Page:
The difference between Jeff and House is that Jeff maintains a front to keep his family happy while House does it so his colleagues and patients don’t pity him, perceive him as weak or think that its taking away from his ability to do his job. Also, he can let down his front when he’s at home as we have often see him do when he rubs his leg and paces around, something that Jeff probably never had the luxury of doing when he was maintaining his front successfully.

    Luisa Borges:

    Love your analogy between House’s broken pipes and the free flow of emotion in his life and how his stubbornness is interfering with both.

  • Lisa G

    Hello again
    Barbara, the very interesting debate going on between you and some of the commenters about how House handles his pain, and what that means, has compeled me to chime in again.
    “House does not let his pain interfere with other lives, and we do see what it costs him when he can be alone with it. Even in HH and WH when everyone knew how badly injured he was, he suppressed how bad off he was in front of people. House is fairly stoic when it comes to his pain.”
    I absolutley agree with you and at the same time I think this is a huge problem for House. Living alone does give him the “luxury” of finally giving in to his pain. Something I think he needs to do. Now that House is finally taking, or at least contemplating taking, slow steps toward a relationship with Cuddy I believe he is thinking of all the ramifications of having someone else around him so often, of what he would have to give up. Remember after LTEC when House talks to Taub about sacraficing something to make a relationship work? In House’s case being in a relationship gets very complicated when you also factor in his pain and how he deals with it differently when he is alone, as aposed to when he around other people. If House moves foward with a relationship he will have to sacrifice either the sanctuary of not having to hide or deflect or guard himself in anyway when he is alone or, in his eyes, his pride when he is unable to mask what his pain does to him. I think that thought was what made the conversation between these two suffering men so painful for me to hear. It felt as if Jeff was again condeming House to a life of loneliness. And the fact that Chase and Cammeron got to hear this conversation was very moving.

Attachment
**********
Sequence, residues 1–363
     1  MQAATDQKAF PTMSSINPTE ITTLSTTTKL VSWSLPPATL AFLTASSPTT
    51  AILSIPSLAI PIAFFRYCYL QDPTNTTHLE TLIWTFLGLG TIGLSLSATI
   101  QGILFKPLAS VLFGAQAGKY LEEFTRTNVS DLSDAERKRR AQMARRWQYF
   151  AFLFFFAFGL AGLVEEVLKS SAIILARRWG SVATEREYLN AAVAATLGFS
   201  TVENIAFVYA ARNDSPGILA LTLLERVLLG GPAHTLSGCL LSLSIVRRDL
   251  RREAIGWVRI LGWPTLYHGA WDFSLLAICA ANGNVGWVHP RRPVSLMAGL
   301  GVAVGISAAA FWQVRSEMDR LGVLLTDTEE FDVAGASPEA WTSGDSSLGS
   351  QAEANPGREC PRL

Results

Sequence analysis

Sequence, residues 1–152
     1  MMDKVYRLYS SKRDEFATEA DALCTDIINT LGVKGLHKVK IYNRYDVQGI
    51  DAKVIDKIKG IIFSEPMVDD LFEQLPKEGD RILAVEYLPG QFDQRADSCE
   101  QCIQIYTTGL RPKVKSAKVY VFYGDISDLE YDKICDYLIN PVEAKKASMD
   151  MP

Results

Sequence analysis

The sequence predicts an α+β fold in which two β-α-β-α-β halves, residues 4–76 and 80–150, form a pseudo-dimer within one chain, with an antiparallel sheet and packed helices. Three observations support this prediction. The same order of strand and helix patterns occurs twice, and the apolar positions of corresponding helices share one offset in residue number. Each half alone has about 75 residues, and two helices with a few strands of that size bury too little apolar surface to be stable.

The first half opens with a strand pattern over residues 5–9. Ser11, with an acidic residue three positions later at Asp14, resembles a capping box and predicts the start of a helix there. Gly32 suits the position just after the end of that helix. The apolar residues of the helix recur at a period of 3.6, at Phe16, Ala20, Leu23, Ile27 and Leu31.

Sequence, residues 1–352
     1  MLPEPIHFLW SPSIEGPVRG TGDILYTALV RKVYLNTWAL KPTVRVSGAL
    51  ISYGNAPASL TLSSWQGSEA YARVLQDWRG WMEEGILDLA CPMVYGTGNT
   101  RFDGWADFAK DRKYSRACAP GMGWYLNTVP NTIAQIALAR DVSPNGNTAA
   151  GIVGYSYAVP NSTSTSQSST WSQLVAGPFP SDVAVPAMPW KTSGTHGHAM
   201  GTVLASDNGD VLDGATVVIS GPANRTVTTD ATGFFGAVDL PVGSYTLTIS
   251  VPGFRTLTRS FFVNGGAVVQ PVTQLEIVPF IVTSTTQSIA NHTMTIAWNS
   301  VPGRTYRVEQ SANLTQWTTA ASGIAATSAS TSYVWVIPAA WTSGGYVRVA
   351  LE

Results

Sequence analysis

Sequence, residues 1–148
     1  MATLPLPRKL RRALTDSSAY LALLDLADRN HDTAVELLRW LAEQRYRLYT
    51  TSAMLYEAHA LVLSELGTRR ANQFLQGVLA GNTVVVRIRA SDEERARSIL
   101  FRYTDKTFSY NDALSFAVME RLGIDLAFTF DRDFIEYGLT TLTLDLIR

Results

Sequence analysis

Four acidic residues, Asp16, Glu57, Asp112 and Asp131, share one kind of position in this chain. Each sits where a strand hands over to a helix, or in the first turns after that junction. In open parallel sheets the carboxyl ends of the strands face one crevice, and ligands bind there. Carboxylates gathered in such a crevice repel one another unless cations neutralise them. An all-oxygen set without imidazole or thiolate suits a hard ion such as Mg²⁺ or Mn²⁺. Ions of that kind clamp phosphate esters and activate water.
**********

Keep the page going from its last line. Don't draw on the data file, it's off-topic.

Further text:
• Debbie